ISSN: 1391 - 0531
Sunday December 30, 2007
Vol. 42 - No 31
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Benazir and bloody politics

As 2007 drew to a close and the country remembered its tsunami dead, came the shattering news from a neighbouring country -- the assassination of Benazir Bhutto, twice Prime Minister of Pakistan and a friend of Sri Lanka -- like all Pakistani leaders have been.

The charismatic Benazir was the first woman Premier of an Islamic country, and also the first woman statesperson in the world to have been assassinated after Indian Prime Minister Indira Gandhi was gunned down by her Sikh bodyguards in 1984.

Benazir who returned to Pakistan so recently, probably banked on the thinking that fundamentalists or even those in the Establishment who may have been targeting her, wanting her eliminated from the political canvas, would be forced to restrain themselves on the basis that they would "suffer in hell" as it is said in certain Islamic writings, if they murdered a woman.

But those who were determined to see her dead before the January 8 elections would have dismissed such notions as the Devil quoting the Scriptures and not shown any scruples in taking her life. But the loss of a moderate leader, despite all her failings and shortcomings, is clearly seen by the outside world as a regressive and unfortunate event for the long suffering people of Pakistan.

It was just last month that Sri Lanka was thrown into the eye of a mini-storm when the Foreign Minister bungled in expressing this country's position when a section of the Commonwealth made a determined bid to suspend Pakistan from that comity of nations. Pakistan is virtually shredded by divergent forces competing for control of that 60-year-old State born by a painful caesarean operation, and often ruled under conditions that are anathema to democratic rule. But fundamentally, it is a battle between religious extremism and moderation -- and Ms. Bhutto was passionately for the latter.

International analysts, especially those from the west argue that her death will only fuel further instability in a nation that is worryingly, a nuclear power in the region. But countries in South Asia also view the west's presence in Pakistan's internal affairs as the very antithesis of that stability.

Unfortunately, for Pakistan, the country's fortunes took a different path from Sri Lanka and India from 1947 onwards when the British Raj left these parts. Military coups and a concentration of political power in the hands of those in the uniformed services sent the country on a different course. And efforts to bring the country back to a democratic way of life, whatever its shortcomings, have been bombed out of existence.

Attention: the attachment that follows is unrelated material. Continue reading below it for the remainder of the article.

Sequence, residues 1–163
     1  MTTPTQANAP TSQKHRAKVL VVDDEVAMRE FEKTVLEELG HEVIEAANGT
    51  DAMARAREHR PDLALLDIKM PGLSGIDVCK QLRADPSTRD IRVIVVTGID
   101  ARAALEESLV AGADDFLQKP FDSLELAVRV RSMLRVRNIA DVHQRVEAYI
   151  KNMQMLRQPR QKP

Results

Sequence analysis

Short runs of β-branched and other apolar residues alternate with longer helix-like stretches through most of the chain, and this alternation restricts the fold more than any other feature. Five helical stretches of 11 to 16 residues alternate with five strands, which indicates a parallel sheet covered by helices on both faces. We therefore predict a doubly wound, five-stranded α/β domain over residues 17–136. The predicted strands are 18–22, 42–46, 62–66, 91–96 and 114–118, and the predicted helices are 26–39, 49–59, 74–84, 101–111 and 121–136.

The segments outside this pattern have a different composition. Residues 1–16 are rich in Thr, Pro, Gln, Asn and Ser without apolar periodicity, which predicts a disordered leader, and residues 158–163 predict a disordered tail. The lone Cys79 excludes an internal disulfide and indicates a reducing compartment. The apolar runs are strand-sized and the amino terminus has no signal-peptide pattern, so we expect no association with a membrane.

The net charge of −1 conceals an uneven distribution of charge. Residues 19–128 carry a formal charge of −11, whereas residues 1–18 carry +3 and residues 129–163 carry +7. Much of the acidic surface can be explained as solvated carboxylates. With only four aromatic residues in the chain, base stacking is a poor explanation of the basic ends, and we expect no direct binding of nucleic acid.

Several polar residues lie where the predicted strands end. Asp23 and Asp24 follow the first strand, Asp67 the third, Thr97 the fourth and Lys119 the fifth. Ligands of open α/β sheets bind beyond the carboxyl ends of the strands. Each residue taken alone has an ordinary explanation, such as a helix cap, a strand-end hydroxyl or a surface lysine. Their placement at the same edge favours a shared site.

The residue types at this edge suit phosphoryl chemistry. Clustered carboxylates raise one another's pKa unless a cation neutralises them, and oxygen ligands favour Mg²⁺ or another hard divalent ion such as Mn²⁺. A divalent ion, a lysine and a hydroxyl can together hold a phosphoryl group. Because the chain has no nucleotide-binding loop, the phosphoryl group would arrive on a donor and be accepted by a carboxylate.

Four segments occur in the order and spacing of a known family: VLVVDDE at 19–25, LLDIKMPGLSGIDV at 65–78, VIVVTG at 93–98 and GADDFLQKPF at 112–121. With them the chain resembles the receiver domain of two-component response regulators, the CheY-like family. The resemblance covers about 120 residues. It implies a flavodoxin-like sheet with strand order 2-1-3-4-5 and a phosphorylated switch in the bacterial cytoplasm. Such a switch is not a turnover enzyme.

Sri Lanka fortunately survived a military coup attempt way back in 1962, but life has not been a bed of roses for its people often subjected to tyrannical rule by the democratically elected powers-that-be. Since 1971, governance under emergency regulations has been the rule rather than the exception, and the country has had more than its own share of major civil commotions, insurgencies and a bloody and unfinished separatist struggle fraught with bloodshed, assassinations and killings.

As the New Year approaches, the usual optimism and hopes of a better tomorrow are tinged with uncertainty and foreboding, for many fear the year ahead is going to be a still more difficult one for all of Sri Lanka. The Government, unable to arrest the 'kitchen war' -- the soaring prices of every conceivable item -- has committed itself to ending the 'northern war', come what may. While an end to this curse is everybody's fervent wish, even though opinions on the means towards that end may differ, the inherent transgressions of democratic norms in the process are what people shudder to contemplate.

It is indeed a Catch-22 scenario; while the military is needed to end the 'northern war'; we can count our blessings that Sri Lanka has so far been spared military dictatorships. Governments are often tempted, and wont to exploit instability by using the military -- armed militia -- and political hooligans -- for their own political gains.

There is thus, a need for all right thinking citizens to be watchful, for the signs are all around us -- hints and traces of wannabe dictators using the big stick in the guise of fighting a deadly enemy, of society being sucked into a whirlpool of violent and corrupt politics and increasingly losing the fundamental respect for human rights and values that should be the hallmark.

While much rests in the hands of our elected leaders to guide our destinies with wisdom, vision and compassion, every Sri Lankan too can give his or her best for the greater good of their country; for the year ahead, in more ways than one, promises to be a watershed year for this country.

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